Golf, a cross-country game in which a player hits a small ball with several clubs from a series of starting points (starting fields) to a series of holes on a course. The player who pierces his ball with the least number of strokes wins. Golf is a club and ball sport in which players use several clubs to hit the balls in a series of holes on a course with as few strokes as possible. Unlike most sports, the best score in golf is the lowest score.
In a game of golf, each player will play 18 holes where they will try to get the ball into the cup with the least amount of strokes. A blow is counted each time the golfer contacts the ball. While modern golf originated in 15th century Scotland, the game's ancient origins are unclear and are much debated. To do this, they evaluate and grade the courses according to the good average score of a ghost golfer, a player with a handicap of around 20.
Game play is a different form of scoring that uses the number of holes won by each golfer to decide who is the winner. However, a golfer with a drive that can travel 280 yards (260 m) but who often doesn't fly in a straight line will be less able to position his ball advantageously; the ball can catch, pull, draw, fade, push or cut outside the intended line and fall outside limits or into rough or danger, so the player will need many more strokes to drill. Mastering the teaching of golf requires not only technical and physical skill, but also knowledge of the rules and etiquette of the game. They are the course score, which is the expected score for a scratch golfer without a handicap, and the slope score, which is a measure of how much worse a bogey golfer (with a handicap of around 20) is expected to play than a scratch golfer relative to their handicap.
When a golfer can't find his golf ball in play, he must return to his previous position and hit again, also adding an additional blow to his score. If a golfer hits a shot outside limits or against a water hazard, the player must make another shot and an extra blow is applied to his score as a penalty. Once the ball stops, the golfer hits it again as many times as necessary with shots known as a layup, approach, throw or chip, until the ball reaches the green, where it then puts the ball in the hole (commonly called sinking the putt or holing out). Many golfers wear golf shoes with metal or plastic spikes designed to increase traction, allowing for longer and more accurate shots.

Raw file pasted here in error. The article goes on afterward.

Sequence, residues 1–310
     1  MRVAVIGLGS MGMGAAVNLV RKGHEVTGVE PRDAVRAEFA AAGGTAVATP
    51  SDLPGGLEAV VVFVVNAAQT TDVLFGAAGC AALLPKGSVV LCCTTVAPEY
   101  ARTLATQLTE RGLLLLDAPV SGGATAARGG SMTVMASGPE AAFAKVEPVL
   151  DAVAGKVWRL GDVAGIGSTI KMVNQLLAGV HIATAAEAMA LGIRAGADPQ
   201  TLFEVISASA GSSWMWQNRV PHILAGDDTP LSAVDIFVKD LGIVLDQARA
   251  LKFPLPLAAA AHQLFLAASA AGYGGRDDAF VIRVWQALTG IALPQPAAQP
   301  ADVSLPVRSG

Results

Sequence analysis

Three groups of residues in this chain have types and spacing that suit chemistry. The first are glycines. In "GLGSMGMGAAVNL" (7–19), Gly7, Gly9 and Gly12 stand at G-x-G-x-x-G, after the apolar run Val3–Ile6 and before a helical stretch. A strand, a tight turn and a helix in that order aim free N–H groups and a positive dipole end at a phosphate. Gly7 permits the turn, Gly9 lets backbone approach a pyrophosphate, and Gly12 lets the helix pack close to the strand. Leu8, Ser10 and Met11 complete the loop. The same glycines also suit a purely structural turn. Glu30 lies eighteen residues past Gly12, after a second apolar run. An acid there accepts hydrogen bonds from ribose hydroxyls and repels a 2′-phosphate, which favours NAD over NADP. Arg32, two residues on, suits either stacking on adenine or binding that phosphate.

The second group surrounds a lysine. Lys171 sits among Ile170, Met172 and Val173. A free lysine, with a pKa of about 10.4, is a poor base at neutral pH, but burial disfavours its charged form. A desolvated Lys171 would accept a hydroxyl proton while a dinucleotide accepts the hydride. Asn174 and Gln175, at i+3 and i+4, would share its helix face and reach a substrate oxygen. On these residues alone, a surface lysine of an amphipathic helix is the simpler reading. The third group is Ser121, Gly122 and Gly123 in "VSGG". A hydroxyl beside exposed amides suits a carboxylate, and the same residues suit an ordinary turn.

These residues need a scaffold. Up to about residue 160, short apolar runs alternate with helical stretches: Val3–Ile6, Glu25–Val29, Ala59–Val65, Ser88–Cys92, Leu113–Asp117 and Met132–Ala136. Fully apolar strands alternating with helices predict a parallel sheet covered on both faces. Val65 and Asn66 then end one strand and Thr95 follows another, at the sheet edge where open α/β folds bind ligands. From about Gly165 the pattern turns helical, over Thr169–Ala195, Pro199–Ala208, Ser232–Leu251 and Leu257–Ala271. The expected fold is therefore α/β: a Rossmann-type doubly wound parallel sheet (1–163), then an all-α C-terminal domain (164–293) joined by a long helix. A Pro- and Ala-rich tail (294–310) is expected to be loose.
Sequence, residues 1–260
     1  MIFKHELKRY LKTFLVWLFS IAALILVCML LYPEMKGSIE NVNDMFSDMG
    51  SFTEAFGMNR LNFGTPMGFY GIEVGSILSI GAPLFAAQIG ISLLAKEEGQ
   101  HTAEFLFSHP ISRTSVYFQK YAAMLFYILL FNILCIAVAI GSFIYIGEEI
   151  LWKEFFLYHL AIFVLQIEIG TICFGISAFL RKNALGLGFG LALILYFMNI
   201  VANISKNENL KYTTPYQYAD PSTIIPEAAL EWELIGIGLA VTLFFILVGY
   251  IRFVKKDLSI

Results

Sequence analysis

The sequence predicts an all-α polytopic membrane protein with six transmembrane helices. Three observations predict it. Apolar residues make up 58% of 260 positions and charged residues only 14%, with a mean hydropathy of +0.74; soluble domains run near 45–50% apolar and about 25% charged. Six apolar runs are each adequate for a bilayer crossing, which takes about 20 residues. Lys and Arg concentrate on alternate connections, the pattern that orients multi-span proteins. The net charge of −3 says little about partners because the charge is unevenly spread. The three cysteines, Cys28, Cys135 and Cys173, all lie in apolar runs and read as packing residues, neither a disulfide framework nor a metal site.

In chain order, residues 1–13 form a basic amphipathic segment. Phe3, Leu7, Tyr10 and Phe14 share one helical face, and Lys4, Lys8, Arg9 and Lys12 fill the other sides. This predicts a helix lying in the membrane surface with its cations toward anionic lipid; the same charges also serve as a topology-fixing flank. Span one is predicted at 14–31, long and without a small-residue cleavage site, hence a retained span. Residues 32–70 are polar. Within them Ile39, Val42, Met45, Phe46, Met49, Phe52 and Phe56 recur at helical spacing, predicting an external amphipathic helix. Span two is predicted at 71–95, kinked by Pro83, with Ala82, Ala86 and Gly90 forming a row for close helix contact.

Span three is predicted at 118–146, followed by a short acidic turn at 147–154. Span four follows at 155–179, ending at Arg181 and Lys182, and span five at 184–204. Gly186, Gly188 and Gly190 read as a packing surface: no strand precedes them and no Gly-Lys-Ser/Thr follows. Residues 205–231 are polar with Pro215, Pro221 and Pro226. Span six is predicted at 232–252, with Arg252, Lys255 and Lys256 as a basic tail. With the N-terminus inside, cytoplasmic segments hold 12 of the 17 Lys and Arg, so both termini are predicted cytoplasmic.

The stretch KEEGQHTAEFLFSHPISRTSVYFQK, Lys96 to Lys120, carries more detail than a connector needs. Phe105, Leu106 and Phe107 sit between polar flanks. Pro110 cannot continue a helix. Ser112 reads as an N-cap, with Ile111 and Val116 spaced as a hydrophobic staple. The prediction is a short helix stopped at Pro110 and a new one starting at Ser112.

Every hole on a golf course has a designated torque, which is the score that a skilled golfer would normally score. Par 3, 4 and 5 holes are common on golf courses; much more rarely, courses can have par 6 and even par 7 holes. A golfer's number of strokes on a hole, course, or tournament is compared to their respective even score and is then indicated as the number where the golfer was below or above par, or if it was equal to par. Golf is played with the lowest number of strokes by an individual, known as a stroke game, or the lowest score on most individual holes in a full round by an individual or team, which is known as a match game.
At the beginning of the 19th century, there was no agreement on the number of holes on a golf course; the locations differed widely in terms of subject matter. The rules of golf define an amateur golfer as “one who plays the game solely as a non-lucrative and non-profit sport.